hand-picked as presidential material and purposefully manipulated by

hard-line politicos, a Supreme Court that is forced to rule on an

issue outside its jurisdiction, and a “love” (instead of war) campaign

(“Love is Sweeping the Country”) launched to divert the people from

the real issues.

Although the style of the show is antiquated, the broad, almost Marx

Brothers physicality of the action gets plenty of assist from the

exuberant dancing, the witty lyrics, and the delightfully robust

score, including “Wintergreen for President.” This production, under

the direction of Tina Landau, is a winner. It deserves to get

everyone’s vote. Landau, a writer-director and ensemble member of

Chicago’s Steppenwolf Theater, brings a fresh vitality to an old show

that cleverly exposes the guile of the campaign spinmeisters, as well

as the gullibility of the voters. (“We want to appeal to your hearts,

not your intelligence.”)

When the Presidential nominee, John P. Wintergreen (Ron Bohmer),

marries a White House secretary, Mary Turner (Garrett Long), because

she bakes the best corn, he wins the votes and hearts of the people on

his platform of love. He then discovers that his previous and

well-publicized commitment to marry the winner of a beauty contest is

taken seriously by contest winner, Diana Devereaux (played for all its

over-the-top Southern charm by Sarah Knowlton). Her demand for justice

generates a public outcry for impeachment. The show’s satiric flavor

is at its zestiest when the nine Supreme Court justices — in a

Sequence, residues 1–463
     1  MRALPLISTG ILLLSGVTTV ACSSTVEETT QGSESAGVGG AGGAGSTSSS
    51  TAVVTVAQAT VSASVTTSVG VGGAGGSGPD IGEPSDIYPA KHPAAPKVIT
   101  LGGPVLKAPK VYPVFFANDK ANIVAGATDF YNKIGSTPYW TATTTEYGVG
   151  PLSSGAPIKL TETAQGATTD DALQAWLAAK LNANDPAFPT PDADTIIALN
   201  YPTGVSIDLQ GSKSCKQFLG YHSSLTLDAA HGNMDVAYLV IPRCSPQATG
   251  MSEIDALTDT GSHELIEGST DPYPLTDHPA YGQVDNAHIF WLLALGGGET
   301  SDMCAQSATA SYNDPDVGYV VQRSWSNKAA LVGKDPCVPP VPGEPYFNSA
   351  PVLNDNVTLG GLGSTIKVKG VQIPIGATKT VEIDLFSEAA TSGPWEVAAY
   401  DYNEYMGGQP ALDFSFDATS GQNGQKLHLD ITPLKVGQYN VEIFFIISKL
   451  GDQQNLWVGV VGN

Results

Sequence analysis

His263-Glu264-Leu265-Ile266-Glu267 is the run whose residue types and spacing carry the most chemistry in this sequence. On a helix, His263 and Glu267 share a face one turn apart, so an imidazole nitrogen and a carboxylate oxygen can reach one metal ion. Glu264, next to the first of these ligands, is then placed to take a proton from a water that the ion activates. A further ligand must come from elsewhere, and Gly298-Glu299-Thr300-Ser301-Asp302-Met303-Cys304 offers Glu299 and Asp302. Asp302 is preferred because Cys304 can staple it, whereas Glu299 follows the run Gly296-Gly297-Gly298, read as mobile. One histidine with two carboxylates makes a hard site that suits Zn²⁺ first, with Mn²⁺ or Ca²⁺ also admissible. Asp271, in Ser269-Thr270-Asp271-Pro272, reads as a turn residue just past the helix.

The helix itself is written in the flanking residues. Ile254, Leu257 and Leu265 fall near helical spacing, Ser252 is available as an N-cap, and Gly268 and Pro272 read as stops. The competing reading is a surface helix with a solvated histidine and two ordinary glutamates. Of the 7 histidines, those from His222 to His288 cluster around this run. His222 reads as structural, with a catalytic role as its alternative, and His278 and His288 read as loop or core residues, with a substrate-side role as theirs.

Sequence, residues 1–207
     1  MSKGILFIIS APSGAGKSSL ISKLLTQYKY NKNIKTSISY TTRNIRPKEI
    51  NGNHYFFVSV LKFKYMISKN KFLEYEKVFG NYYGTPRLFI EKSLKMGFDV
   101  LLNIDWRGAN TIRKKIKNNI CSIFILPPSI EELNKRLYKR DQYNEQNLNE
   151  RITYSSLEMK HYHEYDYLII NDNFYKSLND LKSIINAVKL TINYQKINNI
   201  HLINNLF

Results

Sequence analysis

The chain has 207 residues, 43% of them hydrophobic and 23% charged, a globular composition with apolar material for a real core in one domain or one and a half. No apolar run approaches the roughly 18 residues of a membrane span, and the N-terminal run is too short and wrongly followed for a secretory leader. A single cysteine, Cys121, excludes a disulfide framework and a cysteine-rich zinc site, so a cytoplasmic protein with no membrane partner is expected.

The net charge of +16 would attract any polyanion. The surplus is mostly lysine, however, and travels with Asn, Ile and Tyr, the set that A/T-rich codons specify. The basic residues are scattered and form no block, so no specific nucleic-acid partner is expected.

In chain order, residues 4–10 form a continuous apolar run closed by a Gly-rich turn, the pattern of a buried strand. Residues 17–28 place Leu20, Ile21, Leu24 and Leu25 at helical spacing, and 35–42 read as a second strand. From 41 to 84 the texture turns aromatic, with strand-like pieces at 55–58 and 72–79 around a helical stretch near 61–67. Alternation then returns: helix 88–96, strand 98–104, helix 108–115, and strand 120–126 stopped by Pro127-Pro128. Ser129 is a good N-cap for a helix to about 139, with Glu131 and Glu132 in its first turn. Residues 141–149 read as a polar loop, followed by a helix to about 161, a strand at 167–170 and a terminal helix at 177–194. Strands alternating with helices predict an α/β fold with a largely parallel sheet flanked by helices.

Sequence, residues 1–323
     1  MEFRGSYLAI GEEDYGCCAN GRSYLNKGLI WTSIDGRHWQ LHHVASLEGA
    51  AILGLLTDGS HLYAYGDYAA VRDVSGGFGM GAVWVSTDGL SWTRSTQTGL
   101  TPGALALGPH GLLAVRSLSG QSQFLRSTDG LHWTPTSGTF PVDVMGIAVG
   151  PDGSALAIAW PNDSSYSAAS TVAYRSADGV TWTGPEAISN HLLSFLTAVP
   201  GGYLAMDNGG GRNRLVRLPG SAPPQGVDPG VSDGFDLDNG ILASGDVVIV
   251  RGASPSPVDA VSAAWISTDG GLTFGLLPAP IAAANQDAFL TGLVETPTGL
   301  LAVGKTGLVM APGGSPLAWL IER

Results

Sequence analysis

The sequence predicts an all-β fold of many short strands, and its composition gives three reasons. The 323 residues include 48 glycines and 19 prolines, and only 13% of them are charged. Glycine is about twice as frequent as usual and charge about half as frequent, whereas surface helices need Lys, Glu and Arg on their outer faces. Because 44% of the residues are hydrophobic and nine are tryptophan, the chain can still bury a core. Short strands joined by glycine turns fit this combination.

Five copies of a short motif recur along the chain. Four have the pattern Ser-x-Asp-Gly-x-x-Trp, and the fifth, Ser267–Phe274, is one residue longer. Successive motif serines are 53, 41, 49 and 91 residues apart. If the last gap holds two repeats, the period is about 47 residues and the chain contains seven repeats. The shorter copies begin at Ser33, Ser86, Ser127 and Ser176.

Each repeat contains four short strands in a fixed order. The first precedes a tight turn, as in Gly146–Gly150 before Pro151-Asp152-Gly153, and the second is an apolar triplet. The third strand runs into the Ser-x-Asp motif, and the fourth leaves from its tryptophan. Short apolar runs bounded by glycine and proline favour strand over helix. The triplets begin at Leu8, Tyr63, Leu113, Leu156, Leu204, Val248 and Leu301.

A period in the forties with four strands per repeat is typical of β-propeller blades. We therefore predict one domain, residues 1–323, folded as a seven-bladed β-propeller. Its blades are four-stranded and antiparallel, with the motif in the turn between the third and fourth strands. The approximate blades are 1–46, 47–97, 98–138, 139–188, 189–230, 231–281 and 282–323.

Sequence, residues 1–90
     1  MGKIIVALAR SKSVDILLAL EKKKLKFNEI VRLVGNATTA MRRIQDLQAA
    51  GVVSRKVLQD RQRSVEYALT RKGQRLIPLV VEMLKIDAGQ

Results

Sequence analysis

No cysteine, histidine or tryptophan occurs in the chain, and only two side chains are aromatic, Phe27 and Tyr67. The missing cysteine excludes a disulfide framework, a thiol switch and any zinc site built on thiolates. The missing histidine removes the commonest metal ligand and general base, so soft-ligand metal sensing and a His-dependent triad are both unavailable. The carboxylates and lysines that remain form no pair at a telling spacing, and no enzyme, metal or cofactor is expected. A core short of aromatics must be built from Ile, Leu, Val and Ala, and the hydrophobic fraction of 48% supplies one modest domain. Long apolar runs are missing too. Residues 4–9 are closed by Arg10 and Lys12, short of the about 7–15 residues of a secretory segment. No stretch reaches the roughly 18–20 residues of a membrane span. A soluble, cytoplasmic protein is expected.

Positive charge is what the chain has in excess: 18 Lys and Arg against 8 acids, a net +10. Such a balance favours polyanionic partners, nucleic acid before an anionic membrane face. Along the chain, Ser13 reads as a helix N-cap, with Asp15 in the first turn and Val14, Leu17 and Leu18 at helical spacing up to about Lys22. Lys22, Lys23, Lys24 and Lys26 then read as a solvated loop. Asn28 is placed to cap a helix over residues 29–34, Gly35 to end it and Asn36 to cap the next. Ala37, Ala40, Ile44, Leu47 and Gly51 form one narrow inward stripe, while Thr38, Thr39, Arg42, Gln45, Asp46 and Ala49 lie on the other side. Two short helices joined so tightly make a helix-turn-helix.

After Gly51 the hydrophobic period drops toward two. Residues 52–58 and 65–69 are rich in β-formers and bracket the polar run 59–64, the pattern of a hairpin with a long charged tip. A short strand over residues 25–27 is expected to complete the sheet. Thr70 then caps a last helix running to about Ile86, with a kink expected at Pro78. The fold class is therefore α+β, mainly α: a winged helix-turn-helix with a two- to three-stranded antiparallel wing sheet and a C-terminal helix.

hilarious sight gag that includes four robed men, each with a

cardboard dummy at his side — plus the Chief Justice, rule that corn

cakes are more important than justice. The show ends with Wintergreen

free of charges and celebrating his impending fatherhood (even Mary’s

pregnancy is politically motivated), giving added dimension to the

song “Of Thee I Sing…Baby.”

Although the approach that Landau and company take is appropriately

comical, antic, and at times farcical, they must be commended for not

smirking or winking at the satiric material, but rather for playing it

winningly for all its trumped up silliness. The comely Bohmer is a

splendid singer and plays the easy to manipulate Wintergreen with a

wonderfully reckless panache that pays more than a little homage to

Groucho. Notwithstanding her lovely voice, shown to advantage in the

sparkling duet “Who Cares?,” Long’s performance as the easy-to-love

Mary is also filled with the conspiratorial nuances and necessities of

her role as first lady.

There is no better way to praise Joey Pizzi’s leggy chorus

girl-enhanced choreography than to say he’s watched a lot of 1930s

musicals and that he gave the genre an added punch. Walt Spangler’s

whimsically moderne scenic designs and James Shuette’s period perfect

costumes contribute to make this perfect entertainment during this

election year.

–Simon Saltzman

Of Thee I Sing, through Sunday, October 17, Paper Mill

Playhouse, Brookside Drive, Millburn. For tickets ($31 to $68) call